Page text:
Photo Courtesy of Interscope Records
You probably already know if you’ll like Lana Del Rey’s newest album, “Honeymoon,” before you even listen to it. Outside of Kanye, there have been few artists in recent memory who are as polarizing as Lana Del Rey. Her critics deride her as being shallow, trashy and melodramatic. Her fans would say they love her for the exact same reason.
I’m just going to let you know for the sake of transparency which side I’m on: I have adored Lana Del Rey ever since I heard her debut single “Video Games” in late 2011. And I love both of her two previous albums, “Born to Die” (2012) and “Ultraviolence” (2014), albeit for completely different reasons.
While each features Del Rey’s character in full force — the now iconic, trashy-yet-classy, early ‘60s-worshipping druggie, who constantly falls for the bad boys — it’s the musical elements that really create a unique sound for both. “Born to Die” featured trip-hop beats mixed with lavish orchestral production and was an incredibly unique sound at the time. Meanwhile, “Ultraviolence,” produced by the Black Keys’ Dan Auerbach, felt like an entire album full of James Bond themes. It was big, bold and unapologetically old school.
So why does “Honeymoon” leave me cold? It seems like not everyone has agreed with me on this; most critics seem to praise it as her best work to date. But I feel the opposite. “Honeymoon” isn’t bad by any means, but it certainly lacks the spark of her past two albums.
Let’s start with what distinguishes “Honeymoon” from “Born to Die” and “Ultraviolence.” Each Lana Del Rey album has a certain mood, and instead of preppy trashiness or old school bombast, “Honeymoon” is like a drug-addled haze the entire time, as if she hit the cough syrup especially hard this time around. There is one track here that sounds remotely upbeat, and unfortunately it happens to be the worst song on the album. “High By the Beach” tries to recapture that “Born to Die” sound, with rap-influenced production and a white girl, fake gangsta-posturing, but it lacks any sense of oomph. At least “National Anthem,” a similarly trashy song off “Born To Die,” and the fantastically ridiculous “F–ked My Way Up To The Top” from “Ultraviolence,” had driving energies to the production — and she actually sounded like she meant what she was singing. Del Rey just sounds like she’s taking a nap on “High By the Beach.”
And that’s the problem with most of “Honeymoon” — it’s just too sleepy. Sure, it works as background music, and I’m OK with an album full of ballads, but there has to be some sort of driving emotion behind them.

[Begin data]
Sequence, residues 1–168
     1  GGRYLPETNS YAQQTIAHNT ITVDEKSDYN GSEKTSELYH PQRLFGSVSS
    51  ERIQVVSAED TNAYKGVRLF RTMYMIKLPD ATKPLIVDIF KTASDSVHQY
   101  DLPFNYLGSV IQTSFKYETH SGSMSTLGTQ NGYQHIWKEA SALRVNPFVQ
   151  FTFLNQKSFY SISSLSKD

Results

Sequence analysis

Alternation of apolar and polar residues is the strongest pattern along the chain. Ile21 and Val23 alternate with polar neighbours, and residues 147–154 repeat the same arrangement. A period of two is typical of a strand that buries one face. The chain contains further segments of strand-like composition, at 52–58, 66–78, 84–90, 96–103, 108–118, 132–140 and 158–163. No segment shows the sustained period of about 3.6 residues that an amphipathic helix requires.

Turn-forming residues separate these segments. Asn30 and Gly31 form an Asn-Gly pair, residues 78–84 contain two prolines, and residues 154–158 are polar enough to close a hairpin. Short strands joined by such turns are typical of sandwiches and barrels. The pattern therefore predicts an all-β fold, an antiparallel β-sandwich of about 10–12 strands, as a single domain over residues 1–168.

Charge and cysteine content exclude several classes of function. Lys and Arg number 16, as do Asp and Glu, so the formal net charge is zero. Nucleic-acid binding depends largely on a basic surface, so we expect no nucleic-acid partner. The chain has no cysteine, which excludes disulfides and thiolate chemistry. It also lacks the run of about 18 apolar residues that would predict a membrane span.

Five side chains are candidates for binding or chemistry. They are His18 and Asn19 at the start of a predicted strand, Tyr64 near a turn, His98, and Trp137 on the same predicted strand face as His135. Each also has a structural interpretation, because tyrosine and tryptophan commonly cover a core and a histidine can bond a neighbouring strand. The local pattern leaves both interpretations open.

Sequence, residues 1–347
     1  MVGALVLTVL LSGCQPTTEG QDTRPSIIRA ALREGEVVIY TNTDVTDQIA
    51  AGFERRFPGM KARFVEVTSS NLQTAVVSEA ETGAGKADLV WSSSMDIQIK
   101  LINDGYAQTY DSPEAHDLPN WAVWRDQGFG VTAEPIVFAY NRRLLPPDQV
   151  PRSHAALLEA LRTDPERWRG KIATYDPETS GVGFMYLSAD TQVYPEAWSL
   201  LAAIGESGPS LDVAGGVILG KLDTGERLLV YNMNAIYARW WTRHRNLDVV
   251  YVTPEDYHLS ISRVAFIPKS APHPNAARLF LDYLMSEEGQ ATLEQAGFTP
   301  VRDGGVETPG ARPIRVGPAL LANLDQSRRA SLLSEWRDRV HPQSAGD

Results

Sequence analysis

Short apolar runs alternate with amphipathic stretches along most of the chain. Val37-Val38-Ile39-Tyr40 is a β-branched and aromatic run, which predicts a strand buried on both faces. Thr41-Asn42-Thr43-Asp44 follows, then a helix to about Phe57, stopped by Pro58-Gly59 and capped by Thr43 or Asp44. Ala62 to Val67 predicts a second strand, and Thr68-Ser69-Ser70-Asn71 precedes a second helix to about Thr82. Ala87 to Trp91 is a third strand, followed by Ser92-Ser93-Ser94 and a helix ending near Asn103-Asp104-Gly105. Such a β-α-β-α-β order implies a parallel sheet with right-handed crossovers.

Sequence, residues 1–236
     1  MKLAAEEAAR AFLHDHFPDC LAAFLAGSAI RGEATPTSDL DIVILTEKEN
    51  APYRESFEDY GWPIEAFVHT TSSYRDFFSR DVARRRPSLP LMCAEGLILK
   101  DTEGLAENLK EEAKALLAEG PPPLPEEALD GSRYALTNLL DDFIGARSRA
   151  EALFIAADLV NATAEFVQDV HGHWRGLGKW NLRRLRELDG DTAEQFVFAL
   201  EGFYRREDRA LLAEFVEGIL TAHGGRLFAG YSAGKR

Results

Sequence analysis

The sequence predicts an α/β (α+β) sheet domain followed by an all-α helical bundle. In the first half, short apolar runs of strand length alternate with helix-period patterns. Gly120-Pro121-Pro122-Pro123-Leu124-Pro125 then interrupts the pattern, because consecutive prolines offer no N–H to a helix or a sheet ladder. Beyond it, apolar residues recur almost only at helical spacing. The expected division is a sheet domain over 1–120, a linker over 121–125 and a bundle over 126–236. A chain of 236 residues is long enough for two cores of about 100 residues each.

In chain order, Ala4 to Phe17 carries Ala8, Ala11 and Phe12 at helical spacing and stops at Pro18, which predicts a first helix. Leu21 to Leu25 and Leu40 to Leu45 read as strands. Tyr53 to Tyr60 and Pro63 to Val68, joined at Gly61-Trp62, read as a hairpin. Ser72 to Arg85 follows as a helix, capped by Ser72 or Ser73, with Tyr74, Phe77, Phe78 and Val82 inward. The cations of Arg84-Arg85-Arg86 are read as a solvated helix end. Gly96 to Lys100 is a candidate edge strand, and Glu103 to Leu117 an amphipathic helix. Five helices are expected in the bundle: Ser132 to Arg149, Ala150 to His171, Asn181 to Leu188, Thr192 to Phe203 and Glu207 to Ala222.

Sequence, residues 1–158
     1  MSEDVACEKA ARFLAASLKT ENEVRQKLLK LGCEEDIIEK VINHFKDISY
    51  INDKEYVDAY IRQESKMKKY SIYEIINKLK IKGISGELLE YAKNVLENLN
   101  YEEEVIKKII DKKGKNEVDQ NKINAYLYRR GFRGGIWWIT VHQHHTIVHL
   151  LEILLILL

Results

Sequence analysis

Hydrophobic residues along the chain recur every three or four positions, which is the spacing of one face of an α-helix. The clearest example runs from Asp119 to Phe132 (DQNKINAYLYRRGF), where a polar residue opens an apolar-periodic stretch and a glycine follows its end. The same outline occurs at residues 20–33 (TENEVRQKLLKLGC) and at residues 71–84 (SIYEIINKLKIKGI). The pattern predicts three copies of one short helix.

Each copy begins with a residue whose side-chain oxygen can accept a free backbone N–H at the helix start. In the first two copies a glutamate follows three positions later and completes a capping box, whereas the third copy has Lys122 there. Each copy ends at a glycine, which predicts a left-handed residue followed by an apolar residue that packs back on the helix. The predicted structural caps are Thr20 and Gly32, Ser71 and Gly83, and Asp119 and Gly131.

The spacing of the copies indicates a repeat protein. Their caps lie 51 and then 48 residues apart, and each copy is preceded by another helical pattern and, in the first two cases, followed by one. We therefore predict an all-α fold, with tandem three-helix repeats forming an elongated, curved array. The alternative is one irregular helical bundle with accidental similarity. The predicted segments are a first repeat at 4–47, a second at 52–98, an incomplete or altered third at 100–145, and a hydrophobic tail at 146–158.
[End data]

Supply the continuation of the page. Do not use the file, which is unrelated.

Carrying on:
For comparison’s sake, one of my favorite albums of this year so far is Sufjan Stevens’ “Carrie and Lowell.” It’s entirely made up of acoustic ballad songs, something I normally cannot stand. But it works there, because it’s driven by strong emotion: grief and confusion over his mother’s death. Furthermore, the melodies were gorgeous,; and for the most part on “Honeymoon,” the melodies don’t quite work. They all sort of feel half-formed and meandering. And there isn’t much emotion at all.
That’s not to say there aren’t some definite bright spots. The second single, “Music to Watch Boys To,” actually utilizes the album’s hazy mood effectively, turning the chorus into a giant, harmony-filled echo chamber. It’s almost shoegaze. “Freak” is the closest “Honeymoon” comes to recapturing the “Ultraviolence” spy-movie vibe, although it has a much more sinister feel. And on the flip side, the G-funk synths and trap drum machines of “Art Deco” sound like a Californian adaptation of “Born to Die” (and the wonderfully goofy “gangsta” lyrics help lighten the mood: “You’re so ghetto/you’re looking to score” — never change, Lana Del Rey).
The moments in which the album doesn’t work are when she falls back on certain lyrical cliches. Now, all Lana Del Rey lyrics are at least 98 percent cliche; that’s just her schtick. But there’s a huge difference between enjoyably ridiculous cliches and simply boring ones. And unfortunately, the latter describes a decent chunk of this album’s lyrics, as well as the production.
So overall? It isn’t a disaster by any means; if you prefer your music slow and smooth, you will love “Honeymoon.” But for someone like me, who still gets chills listening to “Born to Die” and “Ultraviolence,” “Honeymoon” just leaves me tired.
Best Tracks: “Salvatore,” “The Blackest Day,” “Art Deco”
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